Dietary supplementation with the anti-tumour promoter quercetin: its effects on matrix metalloproteinase gene regulation
Sommaire de l'article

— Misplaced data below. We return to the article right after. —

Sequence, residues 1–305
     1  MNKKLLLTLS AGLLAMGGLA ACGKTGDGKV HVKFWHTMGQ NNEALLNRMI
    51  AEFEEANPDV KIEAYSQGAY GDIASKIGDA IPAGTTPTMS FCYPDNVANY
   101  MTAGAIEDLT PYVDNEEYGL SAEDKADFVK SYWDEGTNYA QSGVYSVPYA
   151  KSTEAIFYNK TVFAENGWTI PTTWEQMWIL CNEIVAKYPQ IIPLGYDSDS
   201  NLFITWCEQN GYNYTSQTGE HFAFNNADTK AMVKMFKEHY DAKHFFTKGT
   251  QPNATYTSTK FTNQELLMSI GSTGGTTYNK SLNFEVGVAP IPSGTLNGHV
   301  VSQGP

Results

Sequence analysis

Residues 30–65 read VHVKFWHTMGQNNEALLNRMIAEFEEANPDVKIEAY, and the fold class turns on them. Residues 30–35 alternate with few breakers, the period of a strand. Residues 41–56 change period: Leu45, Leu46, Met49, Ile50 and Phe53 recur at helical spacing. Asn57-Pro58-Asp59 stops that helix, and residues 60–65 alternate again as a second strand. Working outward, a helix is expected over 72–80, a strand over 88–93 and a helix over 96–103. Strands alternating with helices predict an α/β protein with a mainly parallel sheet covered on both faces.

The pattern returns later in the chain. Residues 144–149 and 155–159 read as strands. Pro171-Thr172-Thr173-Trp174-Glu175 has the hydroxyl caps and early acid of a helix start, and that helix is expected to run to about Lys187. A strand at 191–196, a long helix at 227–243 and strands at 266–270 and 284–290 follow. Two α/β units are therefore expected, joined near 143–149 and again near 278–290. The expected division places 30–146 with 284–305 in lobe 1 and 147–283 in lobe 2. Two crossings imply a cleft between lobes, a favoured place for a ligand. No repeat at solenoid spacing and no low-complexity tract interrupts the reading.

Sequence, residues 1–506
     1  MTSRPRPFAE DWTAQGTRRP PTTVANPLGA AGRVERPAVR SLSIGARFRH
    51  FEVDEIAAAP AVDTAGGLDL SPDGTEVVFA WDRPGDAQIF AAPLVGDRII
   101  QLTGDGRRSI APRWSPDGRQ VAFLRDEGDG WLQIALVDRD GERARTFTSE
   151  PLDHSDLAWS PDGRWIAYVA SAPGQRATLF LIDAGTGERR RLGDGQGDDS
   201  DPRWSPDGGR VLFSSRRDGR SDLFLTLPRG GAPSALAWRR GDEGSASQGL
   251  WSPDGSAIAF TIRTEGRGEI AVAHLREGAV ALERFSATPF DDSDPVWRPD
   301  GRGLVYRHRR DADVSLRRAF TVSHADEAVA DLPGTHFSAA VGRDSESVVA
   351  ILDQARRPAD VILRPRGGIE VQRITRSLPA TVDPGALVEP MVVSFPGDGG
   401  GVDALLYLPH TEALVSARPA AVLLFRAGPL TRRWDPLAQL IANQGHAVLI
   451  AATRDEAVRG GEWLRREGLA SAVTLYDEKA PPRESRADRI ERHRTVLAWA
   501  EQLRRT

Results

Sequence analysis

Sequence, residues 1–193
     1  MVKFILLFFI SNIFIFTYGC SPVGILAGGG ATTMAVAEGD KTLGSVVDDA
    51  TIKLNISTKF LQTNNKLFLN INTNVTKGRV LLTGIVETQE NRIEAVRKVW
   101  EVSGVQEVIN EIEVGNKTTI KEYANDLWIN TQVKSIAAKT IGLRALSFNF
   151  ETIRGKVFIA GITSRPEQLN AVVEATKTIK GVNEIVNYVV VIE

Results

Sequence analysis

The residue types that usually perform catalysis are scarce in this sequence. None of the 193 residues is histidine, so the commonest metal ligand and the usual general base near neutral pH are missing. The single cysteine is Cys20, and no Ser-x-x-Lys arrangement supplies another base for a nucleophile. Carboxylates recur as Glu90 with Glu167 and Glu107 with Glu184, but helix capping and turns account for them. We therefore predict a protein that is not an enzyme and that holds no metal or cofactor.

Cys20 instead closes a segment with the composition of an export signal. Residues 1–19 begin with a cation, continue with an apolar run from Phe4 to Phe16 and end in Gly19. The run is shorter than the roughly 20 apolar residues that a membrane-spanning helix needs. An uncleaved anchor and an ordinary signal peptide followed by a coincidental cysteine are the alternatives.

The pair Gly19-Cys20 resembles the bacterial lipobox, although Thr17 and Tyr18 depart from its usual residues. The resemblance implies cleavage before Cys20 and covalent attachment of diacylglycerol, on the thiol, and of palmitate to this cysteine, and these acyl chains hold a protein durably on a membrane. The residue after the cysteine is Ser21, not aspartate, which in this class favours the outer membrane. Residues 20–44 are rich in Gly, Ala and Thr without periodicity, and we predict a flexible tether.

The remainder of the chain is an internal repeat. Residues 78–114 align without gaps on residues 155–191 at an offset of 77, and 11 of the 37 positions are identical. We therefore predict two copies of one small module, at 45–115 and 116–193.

Dietary modification, especially the consumption of larger amounts of fruits and vegetables can act to decrease the risk of a variety of human cancers. Quercetin, a bioflavonoid widely distributed in fruits and vegetables has been shown to have a chemoprotective role in cancer, through complex effects on signal transduction involved in cell proliferation and angiogenesis. In this study we examined the effects of dietary supplementation of quercetin (30 mg per day) incorporated into a blackcurrant drink. Healthy mate subjects aged between 33 and 64 years (mean = 47.1 years) received either quercetin or placebo for 14 days. Blood samples were taken at baseline and upon completion of the study and analysed for full blood count, matrix metalloproteinase-2 (MMP-2), tissue inhibitor of matrix metalloproteinse-1 and -2 (TIMP-1 and -2) plasma levels using ELISA techniques. RNA was extracted from the peripheral blood lymphocytes and reverse transcriptase-polymerase chain reaction (RT-PCR) carried out for NIMP-2 and TIMP-1, TIMP-2 gene expression determination. Supplementation of the diet with quercetin did not alter the MMP-2 or TIMP-2 gene transcription or plasma protein levels of the healthy subjects in this study. The TIMP-1 gene transcription and plasma protein levels (311 +/- 70 ng/ml at baseline to 183 +/- 35 ng/ml post-supplementation, P < 0.05) of the subjects in this study were, however, significantly decreased following quercetin supplementation. This is an interesting result, as there is some controversy over the functions of TIMP-1 in tumour progression. In certain model systems, artificially increased TIMP-1 levels prevent or decrease tumour growth. However, in other studies high levels of TIMP-1 have been correlated with aggressive disease and poor prognosis in patients with certain malignancies. This study has outlined a potential role for the anti-tumour promoter quercetin as a dietary mediator of the carcinogenic cascade.